Rebuilding Place in the Urban Space

"A community’s physical form, rather than its land uses, is its most intrinsic and enduring characteristic." [Katz, EPA] This blog focuses on place and placemaking and all that makes it work--historic preservation, urban design, transportation, asset-based community development, arts & cultural development, commercial district revitalization, tourism & destination development, and quality of life advocacy--along with doses of civic engagement and good governance watchdogging.

Friday, February 22, 2008

Another example of trickle down policy and service "failure"

Riders on the Greenbush Line,
Riders on the Greenbush Line, including Craig Comins of Hingham, often find plenty of room to stretch during their commute. (Yoon S. Byun/Globe Staff)

It's too soon, way too soon, to say that the new MBTA Greenbush Line isn't succeeding. See "With Greenbush line, let time tell," and "New Greenbush line taking time to catch on," from the Boston Globe.

But it does raise a point, the same one that I make in commercial district revitalization matters with regard to big projects.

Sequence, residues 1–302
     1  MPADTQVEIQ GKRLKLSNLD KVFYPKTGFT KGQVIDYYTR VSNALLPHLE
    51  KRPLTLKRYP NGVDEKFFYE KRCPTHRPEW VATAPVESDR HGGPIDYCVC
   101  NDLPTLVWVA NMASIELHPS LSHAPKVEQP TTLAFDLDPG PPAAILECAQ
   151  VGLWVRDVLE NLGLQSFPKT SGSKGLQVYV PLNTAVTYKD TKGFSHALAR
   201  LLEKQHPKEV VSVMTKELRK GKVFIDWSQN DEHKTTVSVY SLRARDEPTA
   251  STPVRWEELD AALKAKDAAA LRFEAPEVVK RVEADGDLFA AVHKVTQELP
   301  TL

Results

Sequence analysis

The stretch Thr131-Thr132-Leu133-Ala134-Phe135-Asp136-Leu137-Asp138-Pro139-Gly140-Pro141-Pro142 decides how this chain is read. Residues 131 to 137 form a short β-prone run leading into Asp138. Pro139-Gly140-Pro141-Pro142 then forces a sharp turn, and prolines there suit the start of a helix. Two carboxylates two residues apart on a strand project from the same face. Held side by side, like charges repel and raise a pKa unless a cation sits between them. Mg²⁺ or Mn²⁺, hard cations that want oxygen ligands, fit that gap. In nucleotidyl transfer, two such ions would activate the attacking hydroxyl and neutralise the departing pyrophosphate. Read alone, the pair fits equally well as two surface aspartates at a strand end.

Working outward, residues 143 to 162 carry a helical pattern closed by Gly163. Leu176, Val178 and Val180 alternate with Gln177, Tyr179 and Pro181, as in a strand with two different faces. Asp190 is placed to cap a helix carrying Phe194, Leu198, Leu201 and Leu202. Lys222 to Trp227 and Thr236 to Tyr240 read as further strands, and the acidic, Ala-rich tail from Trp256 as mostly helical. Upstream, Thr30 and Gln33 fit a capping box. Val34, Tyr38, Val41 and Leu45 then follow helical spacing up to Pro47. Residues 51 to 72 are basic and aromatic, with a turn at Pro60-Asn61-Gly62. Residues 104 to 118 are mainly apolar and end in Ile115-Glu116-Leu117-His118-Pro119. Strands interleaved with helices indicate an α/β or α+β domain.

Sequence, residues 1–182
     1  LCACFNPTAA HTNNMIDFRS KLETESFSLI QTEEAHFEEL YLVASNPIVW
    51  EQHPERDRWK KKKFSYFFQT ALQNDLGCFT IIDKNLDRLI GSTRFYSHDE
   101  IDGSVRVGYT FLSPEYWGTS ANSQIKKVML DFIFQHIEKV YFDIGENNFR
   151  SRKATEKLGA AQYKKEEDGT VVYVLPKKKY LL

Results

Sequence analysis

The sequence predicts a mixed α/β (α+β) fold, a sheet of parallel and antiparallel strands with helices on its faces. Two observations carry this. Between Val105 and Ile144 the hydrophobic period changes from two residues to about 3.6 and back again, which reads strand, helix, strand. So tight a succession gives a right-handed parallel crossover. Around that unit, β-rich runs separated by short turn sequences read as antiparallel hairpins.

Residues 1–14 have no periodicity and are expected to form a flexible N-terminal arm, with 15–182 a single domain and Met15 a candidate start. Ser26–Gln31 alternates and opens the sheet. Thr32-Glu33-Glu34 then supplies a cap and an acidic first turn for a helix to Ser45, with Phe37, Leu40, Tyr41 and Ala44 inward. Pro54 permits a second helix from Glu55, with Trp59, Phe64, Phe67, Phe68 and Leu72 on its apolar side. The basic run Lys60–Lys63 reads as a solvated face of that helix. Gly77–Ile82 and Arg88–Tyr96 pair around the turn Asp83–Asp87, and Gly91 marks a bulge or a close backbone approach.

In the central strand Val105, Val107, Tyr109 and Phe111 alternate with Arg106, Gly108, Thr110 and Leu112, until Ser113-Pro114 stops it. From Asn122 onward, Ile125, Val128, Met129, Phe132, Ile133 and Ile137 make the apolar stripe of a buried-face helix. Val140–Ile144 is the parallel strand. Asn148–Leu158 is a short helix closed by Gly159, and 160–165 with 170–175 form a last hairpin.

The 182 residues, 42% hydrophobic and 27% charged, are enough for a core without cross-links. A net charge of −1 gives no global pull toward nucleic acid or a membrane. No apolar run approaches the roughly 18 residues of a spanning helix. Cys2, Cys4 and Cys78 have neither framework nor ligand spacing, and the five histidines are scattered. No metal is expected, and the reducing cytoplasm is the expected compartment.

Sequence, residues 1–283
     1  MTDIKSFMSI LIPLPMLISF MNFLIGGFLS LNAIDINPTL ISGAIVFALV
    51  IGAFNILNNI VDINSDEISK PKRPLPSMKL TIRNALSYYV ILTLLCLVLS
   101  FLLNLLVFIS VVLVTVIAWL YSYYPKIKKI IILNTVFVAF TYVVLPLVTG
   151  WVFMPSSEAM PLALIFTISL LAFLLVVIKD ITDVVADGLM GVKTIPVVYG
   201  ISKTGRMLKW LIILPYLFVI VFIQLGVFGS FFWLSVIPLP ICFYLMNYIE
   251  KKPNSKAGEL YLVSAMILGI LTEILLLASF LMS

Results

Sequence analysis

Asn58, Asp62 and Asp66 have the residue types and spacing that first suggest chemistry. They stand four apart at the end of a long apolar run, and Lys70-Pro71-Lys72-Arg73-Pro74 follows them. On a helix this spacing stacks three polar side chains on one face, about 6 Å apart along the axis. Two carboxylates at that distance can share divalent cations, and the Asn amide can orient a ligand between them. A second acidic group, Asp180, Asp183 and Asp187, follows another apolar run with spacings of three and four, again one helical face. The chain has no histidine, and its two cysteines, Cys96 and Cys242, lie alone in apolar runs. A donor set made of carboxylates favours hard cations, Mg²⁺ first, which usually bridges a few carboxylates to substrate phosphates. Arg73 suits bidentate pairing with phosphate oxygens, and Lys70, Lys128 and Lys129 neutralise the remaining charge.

It's not enough to "merely" build the big project. You've got to take simultaneous steps to ensure that the community outside the lot boundaries of the big project is ready to connect.

A classic example is 7th and 9th Streets NW abutting the Convention Center. There is a major disconnect. 7th Street is mostly housing. And 9th Street is mostly bombed out still. Is it a surprise that the Convention Center, which face it, mostly attracts people who stay inside the Center during their time there, leaving little time to patronize the local shops, hasn't jumped started neighborhood improvements.

In fact, on 9th Street the retail improvements are happening far to the north of the Convention Center, as if the Convention Center has little impact whatsoever. Although it is true that new housing is being developed around the Convention Center proper, plus eventually the Convention Center Hotel.

This brings up my point about the mobilityshed and the transitshed.

If you want to increase the utilization of the new commuter railroad line, you're going to have to market the service within the catchment area of the line. You can't just expect people to ride the service.

The transitshed and mobilityshed concepts were developed during my wrestling with since cancelled plans to cut service to a few MARC train stops. The thing is, most of these stations had fewer than 20 daily riders. One issue is whether or not people in those areas are commuting to Washington or Baltimore, which is how the system is set up to serve people. But the other concerns adequate marketing of the service to potential riders.

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